Yes, that's the typical thing that seems to happen these days while the future of the central space is obviously undecided--partly because of the regrettable division between transport and land use planning that means there's little co-ordination, and also little planning despite the names of these disciplines, and partly because there's really no money around at the moment for a big replacement project. Many people obviously love the IMAX as a cinema, but it would be fairly easy to rebuild on a corner of the junction and would probably end up being a better building. In the meantime, failing a proper top-down approach to the hierarchy of intervention, people, with the best will in the world, are trying to do something while the key question isn't addressed.
The inevitable threat of an appeal over the 'Tulip':
Here's an interesting case--a plucky gay fetish club against a (smallish) tower block proposal:
I expect that to Tower Hamlets planning watchers, this may not come as a surprise, as it may well be laid down in planning guidance, but it does seem to have gone to a Public Inquiry, so perhaps not.
I have seen many traditional pubs been saved by being classed as a community asset. It doesn't last mostly.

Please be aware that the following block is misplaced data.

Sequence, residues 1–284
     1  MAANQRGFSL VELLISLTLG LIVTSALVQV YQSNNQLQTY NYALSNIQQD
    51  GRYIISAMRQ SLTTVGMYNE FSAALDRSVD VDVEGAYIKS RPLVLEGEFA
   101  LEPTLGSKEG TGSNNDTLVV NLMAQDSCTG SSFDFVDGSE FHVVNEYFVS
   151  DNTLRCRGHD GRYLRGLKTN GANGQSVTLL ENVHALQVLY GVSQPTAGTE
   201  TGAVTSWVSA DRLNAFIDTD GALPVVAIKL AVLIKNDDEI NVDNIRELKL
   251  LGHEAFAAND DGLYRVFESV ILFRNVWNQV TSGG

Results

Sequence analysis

Developers often up the rent to make it unfeasible..no one takes it on for years and as a derelict building the council relent and finally allow for 'luxury' flats.
Repeated many times.
Yes, as ever, there are ways of getting around the provisions. To be fair, in quite a few cases the spirit of the law has been obeyed, but you're right. Reading the London Drinker, you do hear about those that got away.
Unfortunately, 'fixing' the housing market would mean bringing the cost of residential accommodation back in line with that of other types of premises, which would lead to a lot of people seeing their overvalued investments readjusted in value. Well, I don't know if it's ever going to happen, 'house prices' being such a fetish, but it's the only way of increasing home ownership rates and consistently building social housing again.
Already posted elsewhere by @kl:
What's happening with Tottenham Court Road now? It's been made two-way but that seems to have made it tighter for cycling, particularly northbound.
I thought it was going to be buses and bikes only at the same time as being made two-way but that doesn't seem to be the case.
The current mode of operation is temporary until the scheme is completed. Until Spring 2020, it works like this:
After this, there will be the envisaged restrictions 8am-7pm for motor vehicles other than buses and emergency vehicles. They're complicated--partly because most streets in the area will continue to be one-way.
(This isn't really a town planning issue, though.)
This is probably my favourite planning application for some time:
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